THE BLOG

7 Ways Sex Can Kill a Marriage

02/02/2013 02:54 am ET | Updated Apr 03, 2013

Can sex kill a marriage? Absolutely. Problems in the bedroom can lead to deep dissatisfaction. A marital sex problem is like a canary in a coal mine -- a warning alarm that danger lies ahead.

Here are 7 ways sex can kill a marriage:

1. One spouse controls the frequency of sex: Married couples vary considerably in terms of how much sex they have or don't have. While studies report that married people on average have sex seven times a month, there is no magic formula that couples can follow to ensure a happy sex life. The crucial point is that both partners have to feel good about how much sex they are having and how much control they have over their sex life. If one person takes charge of when and how sex happens, relationship killers like dissatisfaction, resentment and anger can emerge.

2. Spouses withhold sex: This can be an insidious problem, particularly if sex is used as a weapon to punish one another. It's particularly toxic if an unresolved grievance from the past is offered up as the reason for the withholding of sex. Once one partner ends up sleeping on the couch instead of the marital bed, the end is probably near. Another insidious problem is using sex as a "treat" to reward the partner for good behavior -- a training method that is better suited for household pets!

3. The marriage becomes sexless. Marriages where sex never or very rarely occurs is an issue that has gained more attention in recent years. Studies estimate that a whopping 15 percent of married couples have not had sex with their spouse in the last six months to one year. In some cases, this can be an indication that the marriage has died and the couple has decided to stay together for other reasons like money, children or health insurance. In other cases, the marriage may have morphed into a platonic relationship. An sexless marriage becomes a problem if one person is unhappy with the situation and yearns for a sexual connection with a partner.

In some marriages, a breakdown in the sexual relationship may be an indicator of deeper problems in the relationship such as lack of trust, intimacy, resentment, anger. One or both people may be suffering from depression. These are issues that can be worked on in therapy, if both people are willing to do the work. A lack of interest in sex can also be a symptom of a medical or aging issue. Some people maintain an active sex drive till the end of their lives. Others lose their drive as they advance in years. The health of a relationship between older partners will be based on whether both are equally content with their sex lives.

4. Spouses are too busy or too tired for sex. This issue frequently rears its head when a couple has a busy family life or if one or both partners has a demanding job. Not having time for sex can be a problem if it becomes a way of life and the couple loses their closeness and intimacy. Planning regular date nights is something commonly advised for couples who don't have enough one-on-one time. The downside is that scheduling sex tends to preclude spontaneity. Balancing scheduling with occasional spontaneity might be the best formula for success.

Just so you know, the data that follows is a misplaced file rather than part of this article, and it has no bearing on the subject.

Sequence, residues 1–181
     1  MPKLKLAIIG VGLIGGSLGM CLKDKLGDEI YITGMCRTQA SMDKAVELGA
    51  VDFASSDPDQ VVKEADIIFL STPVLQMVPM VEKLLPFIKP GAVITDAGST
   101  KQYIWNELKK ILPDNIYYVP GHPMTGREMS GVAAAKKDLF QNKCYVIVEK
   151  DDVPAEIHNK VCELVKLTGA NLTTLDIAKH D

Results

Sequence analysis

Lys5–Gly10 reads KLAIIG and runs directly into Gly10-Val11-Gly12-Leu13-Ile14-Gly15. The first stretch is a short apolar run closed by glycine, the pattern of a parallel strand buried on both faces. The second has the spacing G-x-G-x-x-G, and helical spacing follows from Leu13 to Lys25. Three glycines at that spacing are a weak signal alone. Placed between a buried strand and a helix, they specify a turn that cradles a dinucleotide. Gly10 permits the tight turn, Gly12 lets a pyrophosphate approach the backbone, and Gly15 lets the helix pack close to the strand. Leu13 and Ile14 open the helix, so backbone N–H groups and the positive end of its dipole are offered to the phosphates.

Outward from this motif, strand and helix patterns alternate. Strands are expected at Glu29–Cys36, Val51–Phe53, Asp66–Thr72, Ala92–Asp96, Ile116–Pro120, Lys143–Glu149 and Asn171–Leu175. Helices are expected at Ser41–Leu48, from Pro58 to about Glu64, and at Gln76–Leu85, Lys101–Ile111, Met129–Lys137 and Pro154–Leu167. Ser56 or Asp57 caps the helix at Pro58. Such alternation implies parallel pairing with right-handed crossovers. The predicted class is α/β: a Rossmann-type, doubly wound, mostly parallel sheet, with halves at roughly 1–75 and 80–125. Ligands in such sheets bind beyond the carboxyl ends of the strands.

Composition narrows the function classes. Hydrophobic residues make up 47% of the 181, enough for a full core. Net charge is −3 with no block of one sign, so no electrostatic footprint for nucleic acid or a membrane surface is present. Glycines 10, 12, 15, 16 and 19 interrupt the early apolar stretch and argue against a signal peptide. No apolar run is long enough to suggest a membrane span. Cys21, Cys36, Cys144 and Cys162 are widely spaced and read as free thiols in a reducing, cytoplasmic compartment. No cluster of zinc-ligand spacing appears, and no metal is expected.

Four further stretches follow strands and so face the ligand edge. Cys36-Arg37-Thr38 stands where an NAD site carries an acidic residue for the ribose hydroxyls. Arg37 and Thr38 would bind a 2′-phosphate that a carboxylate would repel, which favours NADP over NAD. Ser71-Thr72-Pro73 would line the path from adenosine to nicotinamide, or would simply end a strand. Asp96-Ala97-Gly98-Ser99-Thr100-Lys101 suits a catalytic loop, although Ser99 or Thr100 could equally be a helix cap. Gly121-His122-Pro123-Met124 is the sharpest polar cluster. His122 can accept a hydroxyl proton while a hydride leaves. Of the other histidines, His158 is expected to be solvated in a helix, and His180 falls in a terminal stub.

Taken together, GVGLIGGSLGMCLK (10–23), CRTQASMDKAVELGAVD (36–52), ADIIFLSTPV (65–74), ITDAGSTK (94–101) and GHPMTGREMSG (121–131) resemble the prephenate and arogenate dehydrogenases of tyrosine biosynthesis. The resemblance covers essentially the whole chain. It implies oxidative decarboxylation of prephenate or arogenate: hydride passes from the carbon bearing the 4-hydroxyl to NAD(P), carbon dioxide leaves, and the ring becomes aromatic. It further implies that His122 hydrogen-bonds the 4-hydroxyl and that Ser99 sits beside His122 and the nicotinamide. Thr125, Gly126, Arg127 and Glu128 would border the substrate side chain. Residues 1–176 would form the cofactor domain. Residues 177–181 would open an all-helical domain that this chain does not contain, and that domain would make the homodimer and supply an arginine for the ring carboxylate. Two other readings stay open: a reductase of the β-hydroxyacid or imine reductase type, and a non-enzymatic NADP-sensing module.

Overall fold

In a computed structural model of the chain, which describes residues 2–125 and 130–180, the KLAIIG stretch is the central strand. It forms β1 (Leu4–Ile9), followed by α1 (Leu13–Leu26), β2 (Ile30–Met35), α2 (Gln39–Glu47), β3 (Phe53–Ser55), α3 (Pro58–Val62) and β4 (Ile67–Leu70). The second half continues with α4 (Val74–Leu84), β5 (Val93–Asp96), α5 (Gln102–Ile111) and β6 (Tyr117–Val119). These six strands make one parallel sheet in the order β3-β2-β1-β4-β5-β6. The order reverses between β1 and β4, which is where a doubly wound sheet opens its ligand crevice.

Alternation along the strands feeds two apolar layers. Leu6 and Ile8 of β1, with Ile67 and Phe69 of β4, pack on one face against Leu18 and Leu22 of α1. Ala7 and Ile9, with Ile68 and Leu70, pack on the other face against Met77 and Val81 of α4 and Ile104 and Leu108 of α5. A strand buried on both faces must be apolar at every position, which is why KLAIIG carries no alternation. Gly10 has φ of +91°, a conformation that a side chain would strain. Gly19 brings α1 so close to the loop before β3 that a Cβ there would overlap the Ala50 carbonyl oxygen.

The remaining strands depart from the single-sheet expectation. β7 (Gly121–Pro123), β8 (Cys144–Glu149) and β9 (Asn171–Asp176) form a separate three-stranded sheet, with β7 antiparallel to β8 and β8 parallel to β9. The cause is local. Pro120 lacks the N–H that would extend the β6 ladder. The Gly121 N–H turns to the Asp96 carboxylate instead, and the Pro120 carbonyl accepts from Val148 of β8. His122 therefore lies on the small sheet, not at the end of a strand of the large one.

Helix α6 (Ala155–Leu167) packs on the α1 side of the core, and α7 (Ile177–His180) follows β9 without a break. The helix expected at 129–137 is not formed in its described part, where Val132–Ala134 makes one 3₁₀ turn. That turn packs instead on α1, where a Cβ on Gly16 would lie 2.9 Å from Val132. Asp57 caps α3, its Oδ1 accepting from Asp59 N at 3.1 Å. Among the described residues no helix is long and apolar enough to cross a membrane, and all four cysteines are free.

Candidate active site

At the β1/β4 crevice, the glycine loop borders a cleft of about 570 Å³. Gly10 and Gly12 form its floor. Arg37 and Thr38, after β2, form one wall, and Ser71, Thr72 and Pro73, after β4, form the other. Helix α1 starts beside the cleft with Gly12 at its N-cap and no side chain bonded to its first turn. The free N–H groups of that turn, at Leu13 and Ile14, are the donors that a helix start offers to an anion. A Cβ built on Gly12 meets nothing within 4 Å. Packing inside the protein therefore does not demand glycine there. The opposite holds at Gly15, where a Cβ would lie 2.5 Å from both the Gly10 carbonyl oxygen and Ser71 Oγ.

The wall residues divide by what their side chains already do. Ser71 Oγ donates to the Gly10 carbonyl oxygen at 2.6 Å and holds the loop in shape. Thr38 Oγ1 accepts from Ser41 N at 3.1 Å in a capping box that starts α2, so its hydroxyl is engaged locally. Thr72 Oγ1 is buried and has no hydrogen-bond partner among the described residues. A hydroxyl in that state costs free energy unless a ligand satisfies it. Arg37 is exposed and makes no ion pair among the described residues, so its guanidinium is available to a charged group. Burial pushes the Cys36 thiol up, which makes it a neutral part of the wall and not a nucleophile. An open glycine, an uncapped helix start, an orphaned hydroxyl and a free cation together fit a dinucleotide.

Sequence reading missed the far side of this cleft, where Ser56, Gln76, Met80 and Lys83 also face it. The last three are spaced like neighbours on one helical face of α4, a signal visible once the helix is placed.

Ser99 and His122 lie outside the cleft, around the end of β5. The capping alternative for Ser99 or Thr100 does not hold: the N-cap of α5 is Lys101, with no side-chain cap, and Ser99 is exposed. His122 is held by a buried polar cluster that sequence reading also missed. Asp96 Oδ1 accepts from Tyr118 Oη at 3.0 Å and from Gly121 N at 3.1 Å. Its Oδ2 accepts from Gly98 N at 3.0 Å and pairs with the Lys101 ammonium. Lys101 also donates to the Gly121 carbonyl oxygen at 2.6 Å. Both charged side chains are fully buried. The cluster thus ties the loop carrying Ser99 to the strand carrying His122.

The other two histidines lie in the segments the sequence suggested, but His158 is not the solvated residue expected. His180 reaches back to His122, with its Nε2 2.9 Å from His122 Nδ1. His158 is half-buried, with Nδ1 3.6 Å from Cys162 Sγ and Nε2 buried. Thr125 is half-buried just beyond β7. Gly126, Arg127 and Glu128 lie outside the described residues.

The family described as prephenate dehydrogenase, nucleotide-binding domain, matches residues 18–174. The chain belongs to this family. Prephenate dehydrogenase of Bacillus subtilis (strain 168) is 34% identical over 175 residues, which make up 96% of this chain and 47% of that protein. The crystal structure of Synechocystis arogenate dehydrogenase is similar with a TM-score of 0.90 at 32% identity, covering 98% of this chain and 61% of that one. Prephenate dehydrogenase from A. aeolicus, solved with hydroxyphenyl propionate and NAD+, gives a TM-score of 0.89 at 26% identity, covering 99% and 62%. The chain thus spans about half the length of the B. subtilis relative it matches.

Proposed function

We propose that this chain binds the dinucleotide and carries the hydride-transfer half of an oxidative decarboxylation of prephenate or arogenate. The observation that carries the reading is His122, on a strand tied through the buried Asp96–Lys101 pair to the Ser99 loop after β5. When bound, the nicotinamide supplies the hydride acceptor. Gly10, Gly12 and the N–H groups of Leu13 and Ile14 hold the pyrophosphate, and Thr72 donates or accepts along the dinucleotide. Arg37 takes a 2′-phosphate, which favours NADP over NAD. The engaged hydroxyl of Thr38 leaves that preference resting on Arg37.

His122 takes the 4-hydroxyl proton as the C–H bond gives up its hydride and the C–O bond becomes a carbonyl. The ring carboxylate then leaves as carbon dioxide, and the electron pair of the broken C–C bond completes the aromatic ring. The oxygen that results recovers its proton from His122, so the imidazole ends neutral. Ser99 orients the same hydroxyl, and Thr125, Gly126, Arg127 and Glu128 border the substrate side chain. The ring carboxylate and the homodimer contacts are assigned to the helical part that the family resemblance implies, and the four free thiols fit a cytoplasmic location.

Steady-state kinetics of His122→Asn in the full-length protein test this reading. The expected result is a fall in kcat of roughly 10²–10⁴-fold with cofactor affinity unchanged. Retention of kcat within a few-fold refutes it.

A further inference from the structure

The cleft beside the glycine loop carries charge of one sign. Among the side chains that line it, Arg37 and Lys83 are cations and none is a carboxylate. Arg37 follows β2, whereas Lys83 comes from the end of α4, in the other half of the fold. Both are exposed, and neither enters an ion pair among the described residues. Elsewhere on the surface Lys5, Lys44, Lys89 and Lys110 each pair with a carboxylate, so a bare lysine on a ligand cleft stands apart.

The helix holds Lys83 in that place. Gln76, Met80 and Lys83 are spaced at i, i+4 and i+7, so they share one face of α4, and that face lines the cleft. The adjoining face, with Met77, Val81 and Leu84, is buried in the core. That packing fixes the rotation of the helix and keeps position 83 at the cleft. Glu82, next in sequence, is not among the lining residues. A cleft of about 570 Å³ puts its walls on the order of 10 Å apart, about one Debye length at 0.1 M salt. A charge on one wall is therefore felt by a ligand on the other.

5. Spouses have differing attitudes about porn. A lot of people look at porn, including men and women with healthy sex lives. Porn can become a problem if one partner doesn't like the other watching porn, particularly if it's perceived as a replacement for sex with the partner. As with other sexual problems, porn addiction can be an indicator of an emotional disconnect between a couple. If the porn becomes a hidden addiction consumed in private, there may be underlying issues that require help from a professional in addition to compromise between the partners.

6. A spouse dislikes sex with their partner. A surprising number of married people I have talked to speak openly of not enjoying sex with their partners anymore. In some marriages, rediscovering a satisfying sex life can involve communicating what does and doesn't feel good, asking for sexual acts that are not being given, or asking for more variety if it's become too predictable or repetitive. Here's an exercise I recommend: one person is the passive recipient of sexual attention and can ask the other for anything they desire. The person giving expects nothing in return. Next time the roles switch. Through this, partners are able to ask for things they may have a problem vocalizing, and the other person learns a lot about what their partner really enjoys.

7. A spouse cheats. This is the most obvious marriage killer. The positive side of cheating is that it can sometimes serve to revive a relationship; it's an opportunity to bring up what is lacking in the relationship and propel a couple into a renewed and better union -- though it's a painful way to get there.

Sexual satisfaction in all its forms is a vital part of a healthy marriage -- though of course it's not the whole picture. I once heard a therapist describe a good marriage as being like a three legged stool: one leg is emotional connection, one is mental connection, and the other is sexual connection. If one leg is missing, the stool collapses.

Did sex play a part in your marriage floundering? Please take this opportunity to share your story below. Don't hold back!